Simulations suggest that comets routinely split and reassemble
When you look at a comet like 67P, perhaps hoping for a glimpse of a derelict lander, one of the obvious traits that stand out is how little it resembles other objects we’re used to looking at in the sky. It’s got a battered, rocky surface, but the overall shape isn’t the sphere or potato-shape that most planets, moons and asteroids seem to end up in, instead being compared to hourglasses or rubber duckies. Astronomers from Purdue University and the University of Boulder suspect that this may all be explained with a some cracks they’ve detected, and may not be as odd as it first seems.
The cracks in question are over 300 feet long, crossing over the narrow part of the comet. They seemed to be signs of structural stress in the comet, possibly precluding an eventual split between the to larger ends of the object. While the Rosetta satellite is still in orbit around comet 67P, researchers tested their ideas about the comet’s structural integrity in a computer simulation with the accumulated data that’s been gathered over the last year.
Separated by spinning
They found that a key to the comet’s durability is the speed of its spin. Right now, 67P is rotating once every 12 hours, but if that speed increases a bit, say to a nine to seven hour rotation instead, it could stress the center portion of the comet enough to break apart. At that point, the two spheroid portions would likely enter a small orbit around each other before eventually rejoining, repairing the duck/dumbbell/hourglass shape it has now. The trigger for a change in spin may be an extra push from passing near larger objects’ gravitational influence, like the Sun or Jupiter. Or it may be that as the comet warms towards perihelion, it sometimes releases bursts of gas from once frozen material. These events are common enough that researchers think this temporary split may have happened before, and is likely to happen again.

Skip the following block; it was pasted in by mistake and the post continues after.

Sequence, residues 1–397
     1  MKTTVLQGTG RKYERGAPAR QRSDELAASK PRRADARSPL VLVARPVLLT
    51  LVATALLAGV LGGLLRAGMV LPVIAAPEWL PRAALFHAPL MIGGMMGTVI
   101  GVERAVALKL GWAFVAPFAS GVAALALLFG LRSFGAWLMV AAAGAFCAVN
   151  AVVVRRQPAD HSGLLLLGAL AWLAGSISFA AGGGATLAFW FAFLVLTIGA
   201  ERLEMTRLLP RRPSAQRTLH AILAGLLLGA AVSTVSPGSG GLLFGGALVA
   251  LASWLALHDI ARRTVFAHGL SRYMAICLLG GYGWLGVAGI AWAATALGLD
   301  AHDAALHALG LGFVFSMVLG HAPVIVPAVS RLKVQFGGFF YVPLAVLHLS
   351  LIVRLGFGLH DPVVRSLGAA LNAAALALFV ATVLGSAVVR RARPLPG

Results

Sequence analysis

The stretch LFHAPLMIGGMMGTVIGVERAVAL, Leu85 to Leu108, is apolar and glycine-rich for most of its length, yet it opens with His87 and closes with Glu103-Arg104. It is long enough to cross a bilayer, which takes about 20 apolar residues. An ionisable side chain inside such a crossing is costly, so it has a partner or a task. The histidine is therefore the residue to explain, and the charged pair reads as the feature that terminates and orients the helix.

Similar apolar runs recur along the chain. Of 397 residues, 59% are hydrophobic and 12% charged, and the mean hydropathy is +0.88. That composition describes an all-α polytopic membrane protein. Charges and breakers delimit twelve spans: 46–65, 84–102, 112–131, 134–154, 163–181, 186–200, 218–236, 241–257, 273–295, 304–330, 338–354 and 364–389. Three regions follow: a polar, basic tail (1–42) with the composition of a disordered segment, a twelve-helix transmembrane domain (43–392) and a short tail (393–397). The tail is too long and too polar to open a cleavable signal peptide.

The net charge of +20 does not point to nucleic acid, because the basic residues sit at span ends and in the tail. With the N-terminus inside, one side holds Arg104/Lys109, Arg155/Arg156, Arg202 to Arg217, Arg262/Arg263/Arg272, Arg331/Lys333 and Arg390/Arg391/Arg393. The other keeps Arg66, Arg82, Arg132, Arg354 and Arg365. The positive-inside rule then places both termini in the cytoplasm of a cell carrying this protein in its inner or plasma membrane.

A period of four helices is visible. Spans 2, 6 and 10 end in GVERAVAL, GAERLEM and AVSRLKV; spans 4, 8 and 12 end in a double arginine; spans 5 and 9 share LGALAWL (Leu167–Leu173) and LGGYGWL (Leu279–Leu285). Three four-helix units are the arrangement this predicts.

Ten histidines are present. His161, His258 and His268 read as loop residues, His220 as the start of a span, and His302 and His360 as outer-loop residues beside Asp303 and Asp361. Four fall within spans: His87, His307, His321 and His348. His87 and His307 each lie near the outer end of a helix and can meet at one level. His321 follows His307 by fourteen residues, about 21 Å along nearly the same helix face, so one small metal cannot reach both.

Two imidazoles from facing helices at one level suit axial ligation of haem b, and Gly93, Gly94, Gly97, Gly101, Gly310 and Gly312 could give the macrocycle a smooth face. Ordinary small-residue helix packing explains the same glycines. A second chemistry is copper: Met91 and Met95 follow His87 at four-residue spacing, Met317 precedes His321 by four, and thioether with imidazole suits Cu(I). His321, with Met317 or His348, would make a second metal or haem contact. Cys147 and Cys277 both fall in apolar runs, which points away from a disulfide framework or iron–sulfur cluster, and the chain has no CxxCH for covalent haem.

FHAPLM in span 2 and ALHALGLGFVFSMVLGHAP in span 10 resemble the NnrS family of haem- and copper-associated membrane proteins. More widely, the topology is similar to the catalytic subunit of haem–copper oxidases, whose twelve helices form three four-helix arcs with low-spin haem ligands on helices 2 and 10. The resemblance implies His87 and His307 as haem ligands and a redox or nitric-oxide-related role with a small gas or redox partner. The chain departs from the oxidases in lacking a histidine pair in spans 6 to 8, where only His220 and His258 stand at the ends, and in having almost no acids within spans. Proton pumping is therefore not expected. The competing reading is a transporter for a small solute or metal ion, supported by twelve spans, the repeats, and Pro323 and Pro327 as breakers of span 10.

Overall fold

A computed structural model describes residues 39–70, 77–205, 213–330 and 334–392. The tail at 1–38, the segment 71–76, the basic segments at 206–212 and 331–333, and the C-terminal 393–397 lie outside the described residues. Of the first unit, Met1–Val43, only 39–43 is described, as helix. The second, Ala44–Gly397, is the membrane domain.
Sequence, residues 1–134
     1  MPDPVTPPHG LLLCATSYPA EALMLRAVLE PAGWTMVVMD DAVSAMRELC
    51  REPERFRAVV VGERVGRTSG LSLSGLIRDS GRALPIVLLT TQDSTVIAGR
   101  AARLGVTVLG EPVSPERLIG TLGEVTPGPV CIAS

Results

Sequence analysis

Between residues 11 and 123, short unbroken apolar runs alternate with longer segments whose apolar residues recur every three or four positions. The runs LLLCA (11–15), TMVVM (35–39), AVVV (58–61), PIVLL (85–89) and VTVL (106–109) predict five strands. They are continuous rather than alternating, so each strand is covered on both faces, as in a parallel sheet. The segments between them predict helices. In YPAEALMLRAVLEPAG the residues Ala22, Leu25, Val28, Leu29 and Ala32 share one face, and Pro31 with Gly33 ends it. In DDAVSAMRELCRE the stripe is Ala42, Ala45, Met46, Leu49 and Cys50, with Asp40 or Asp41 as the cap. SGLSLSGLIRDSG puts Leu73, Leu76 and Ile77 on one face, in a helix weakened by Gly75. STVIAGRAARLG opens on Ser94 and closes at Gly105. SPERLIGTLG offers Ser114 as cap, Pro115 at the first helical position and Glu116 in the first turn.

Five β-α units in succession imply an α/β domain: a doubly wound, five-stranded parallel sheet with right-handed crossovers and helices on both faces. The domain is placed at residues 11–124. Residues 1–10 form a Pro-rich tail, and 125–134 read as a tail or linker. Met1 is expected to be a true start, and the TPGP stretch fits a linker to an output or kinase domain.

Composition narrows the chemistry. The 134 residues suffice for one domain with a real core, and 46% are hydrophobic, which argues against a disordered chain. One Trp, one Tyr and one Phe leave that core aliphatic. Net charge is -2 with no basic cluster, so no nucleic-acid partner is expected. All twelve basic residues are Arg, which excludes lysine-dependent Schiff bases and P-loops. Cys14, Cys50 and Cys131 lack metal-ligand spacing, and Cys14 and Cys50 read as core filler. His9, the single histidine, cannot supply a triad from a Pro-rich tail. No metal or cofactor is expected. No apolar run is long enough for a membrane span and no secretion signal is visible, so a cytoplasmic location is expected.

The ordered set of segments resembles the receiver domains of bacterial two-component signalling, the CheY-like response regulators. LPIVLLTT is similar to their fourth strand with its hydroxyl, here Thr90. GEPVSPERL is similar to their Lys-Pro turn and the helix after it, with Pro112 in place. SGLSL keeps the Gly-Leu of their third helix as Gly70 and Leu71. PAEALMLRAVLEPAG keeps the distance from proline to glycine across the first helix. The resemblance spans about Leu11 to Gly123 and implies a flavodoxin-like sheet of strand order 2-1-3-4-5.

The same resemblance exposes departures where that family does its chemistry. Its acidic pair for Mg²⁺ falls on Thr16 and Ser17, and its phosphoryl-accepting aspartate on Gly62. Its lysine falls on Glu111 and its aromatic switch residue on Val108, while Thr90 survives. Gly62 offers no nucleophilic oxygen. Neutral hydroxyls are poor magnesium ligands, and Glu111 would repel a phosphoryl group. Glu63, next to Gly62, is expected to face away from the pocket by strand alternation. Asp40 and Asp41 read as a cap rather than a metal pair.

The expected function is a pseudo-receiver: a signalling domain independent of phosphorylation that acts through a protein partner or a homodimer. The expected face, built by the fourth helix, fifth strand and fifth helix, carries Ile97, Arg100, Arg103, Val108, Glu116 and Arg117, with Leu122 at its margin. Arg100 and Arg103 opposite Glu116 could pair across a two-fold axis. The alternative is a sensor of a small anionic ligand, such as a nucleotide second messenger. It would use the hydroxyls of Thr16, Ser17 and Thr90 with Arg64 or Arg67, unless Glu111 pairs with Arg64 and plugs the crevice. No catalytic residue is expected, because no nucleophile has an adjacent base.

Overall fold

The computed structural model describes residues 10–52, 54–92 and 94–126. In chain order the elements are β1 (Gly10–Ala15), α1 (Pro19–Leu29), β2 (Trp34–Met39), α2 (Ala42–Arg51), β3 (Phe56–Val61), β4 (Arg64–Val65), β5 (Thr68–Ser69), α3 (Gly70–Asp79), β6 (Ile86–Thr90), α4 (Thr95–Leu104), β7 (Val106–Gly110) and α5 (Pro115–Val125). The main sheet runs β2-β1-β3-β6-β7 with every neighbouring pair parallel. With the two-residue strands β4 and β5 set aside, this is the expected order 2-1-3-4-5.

Commonly shared shape
In fact, they’re wondering if this may be a feature of comets in general. While we don’t have a very large population of comets to compare, five of the seven we’ve closely observed are this shape, including Halley’s comet. To further test this model, simulations were run of 1,000 copies of 67P, each through 5,000 years of orbits. At this point it seems very likely that orbiting in and out of our solar system, past Jupiter and the Sun, is a strong influence on comet shapes, setting them apart from the more spheroid objects in their less eventful orbits.
Source: Study shows how comets break up, make up, Phys.org